Study: More hospitalized SNF residents using ventilators, despite lack of improvement

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Mortality rates for residents put on a ventilator when hospitalized have not changed, researchers found
Mortality rates for residents put on a ventilator when hospitalized have not changed, researchers found

An increasing number of nursing home residents with advanced dementia are put on mechanical ventilators when they're hospitalized, despite the fact that the treatment doesn't improve their chances of survival, a new study shows.

Thirty-nine out of 1,000 Medicare beneficiaries with advanced dementia were treated with a mechanical ventilator upon hospital admission in 2000. That number doubled to 78 out of 1,000 in 2013, according to researchers at the University of Washington and Brown University.

Despite the increase, the one-year mortality rate for the ventilated beneficiaries remained at more than 80%.

The study's findings, published Monday in JAMA Internal Medicine, point out the need for healthcare professionals to make sure that the use of mechanical ventilation is in tune with beneficiaries' conditions and goals of care.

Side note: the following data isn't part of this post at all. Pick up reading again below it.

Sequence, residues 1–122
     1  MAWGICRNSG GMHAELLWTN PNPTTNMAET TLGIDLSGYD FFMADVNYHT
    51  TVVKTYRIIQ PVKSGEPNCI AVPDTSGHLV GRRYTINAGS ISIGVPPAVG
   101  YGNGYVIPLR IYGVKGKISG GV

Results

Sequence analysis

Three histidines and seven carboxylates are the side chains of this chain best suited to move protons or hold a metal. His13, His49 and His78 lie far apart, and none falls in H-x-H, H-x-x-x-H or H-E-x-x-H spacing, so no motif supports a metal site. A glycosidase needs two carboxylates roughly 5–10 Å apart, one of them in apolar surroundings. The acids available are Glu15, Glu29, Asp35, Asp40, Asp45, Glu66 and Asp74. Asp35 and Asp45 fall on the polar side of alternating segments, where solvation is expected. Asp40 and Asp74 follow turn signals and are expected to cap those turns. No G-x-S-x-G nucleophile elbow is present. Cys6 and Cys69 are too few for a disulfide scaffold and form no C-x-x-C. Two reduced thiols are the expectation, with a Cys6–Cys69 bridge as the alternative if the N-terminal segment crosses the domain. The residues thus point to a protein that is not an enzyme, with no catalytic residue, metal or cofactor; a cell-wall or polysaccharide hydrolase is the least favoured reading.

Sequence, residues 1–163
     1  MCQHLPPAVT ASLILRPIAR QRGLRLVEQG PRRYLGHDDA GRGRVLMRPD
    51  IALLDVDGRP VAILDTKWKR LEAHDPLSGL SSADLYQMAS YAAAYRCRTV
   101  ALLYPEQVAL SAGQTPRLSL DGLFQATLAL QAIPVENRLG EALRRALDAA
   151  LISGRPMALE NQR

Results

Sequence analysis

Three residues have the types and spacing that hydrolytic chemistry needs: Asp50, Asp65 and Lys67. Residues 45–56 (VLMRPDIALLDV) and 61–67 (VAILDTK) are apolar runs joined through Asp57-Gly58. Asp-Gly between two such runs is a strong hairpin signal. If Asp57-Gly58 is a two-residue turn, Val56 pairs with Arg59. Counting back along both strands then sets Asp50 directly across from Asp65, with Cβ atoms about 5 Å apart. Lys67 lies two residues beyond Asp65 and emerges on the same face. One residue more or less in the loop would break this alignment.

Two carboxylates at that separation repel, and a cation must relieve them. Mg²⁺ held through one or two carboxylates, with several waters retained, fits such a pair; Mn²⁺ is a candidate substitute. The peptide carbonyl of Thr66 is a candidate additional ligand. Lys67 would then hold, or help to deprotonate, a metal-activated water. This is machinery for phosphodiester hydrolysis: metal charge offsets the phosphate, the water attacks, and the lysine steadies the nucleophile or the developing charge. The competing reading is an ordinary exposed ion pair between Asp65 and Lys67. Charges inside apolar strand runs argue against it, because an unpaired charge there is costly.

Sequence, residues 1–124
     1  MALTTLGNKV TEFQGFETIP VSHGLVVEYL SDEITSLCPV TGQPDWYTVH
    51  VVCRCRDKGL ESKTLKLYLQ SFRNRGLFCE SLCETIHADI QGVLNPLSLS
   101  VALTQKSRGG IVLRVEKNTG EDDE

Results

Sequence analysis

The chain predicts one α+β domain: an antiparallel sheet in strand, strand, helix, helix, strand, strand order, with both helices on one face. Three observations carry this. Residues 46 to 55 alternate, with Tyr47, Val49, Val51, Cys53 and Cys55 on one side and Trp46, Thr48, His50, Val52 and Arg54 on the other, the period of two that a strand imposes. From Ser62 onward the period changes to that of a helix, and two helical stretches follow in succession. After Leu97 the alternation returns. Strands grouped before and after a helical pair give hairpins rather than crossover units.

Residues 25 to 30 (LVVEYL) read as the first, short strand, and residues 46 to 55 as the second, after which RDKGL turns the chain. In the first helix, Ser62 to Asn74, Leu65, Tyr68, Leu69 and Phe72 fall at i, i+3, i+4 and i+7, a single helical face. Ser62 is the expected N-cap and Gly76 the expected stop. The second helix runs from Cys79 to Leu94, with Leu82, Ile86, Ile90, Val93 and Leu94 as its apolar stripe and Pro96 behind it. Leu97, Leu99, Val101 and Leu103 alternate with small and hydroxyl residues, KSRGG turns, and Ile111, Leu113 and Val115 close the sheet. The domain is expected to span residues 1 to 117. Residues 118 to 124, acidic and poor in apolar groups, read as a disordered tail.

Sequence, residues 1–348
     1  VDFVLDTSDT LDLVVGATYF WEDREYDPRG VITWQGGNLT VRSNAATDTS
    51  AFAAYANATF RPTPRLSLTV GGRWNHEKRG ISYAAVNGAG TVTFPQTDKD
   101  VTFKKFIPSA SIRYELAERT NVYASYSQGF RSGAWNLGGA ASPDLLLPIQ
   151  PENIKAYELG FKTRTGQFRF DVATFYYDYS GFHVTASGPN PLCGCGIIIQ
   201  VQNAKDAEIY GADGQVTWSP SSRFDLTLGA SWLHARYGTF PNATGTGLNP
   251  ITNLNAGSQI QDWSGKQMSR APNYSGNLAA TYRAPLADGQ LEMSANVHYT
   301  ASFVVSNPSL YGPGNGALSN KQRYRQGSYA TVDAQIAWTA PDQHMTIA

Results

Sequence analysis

“We want to raise a fundamental policy question of how to improve end-of-life care, and particularly for very vulnerable populations,” said lead researcher Joan Teno, M.D., MS, a professor of medicine, gerontology and geriatrics at the University of Washington. “We want caregivers to think and talk about whether this type of care is achieving the patient's goals and value for society.”

Teno's research also discovered an increase in the use of mechanical ventilation for hospitalized nursing home residents that was linked to increasing numbers of intensive care beds within individual hospitals.

Hospitals with the highest number of ICU beds put patients on ventilators in 10.6% of the cases analyzed by Teno's team; those with the lowest number of ICU beds used ventilators in 4.5% of hospitalizations. The hospitals with the highest number of beds were also reimbursed more than hospitals with fewer beds, despite “scant difference” in the one-year mortality of hospitalized residents, researchers noted.

Researchers encouraged skilled nursing providers to talk with families about a loved one's prognosis, and the risk and benefits that would accompany hospitalization. Hospital providers should make sure that decisions to use life-sustaining treatments reflect each patient's' goals of care, they added.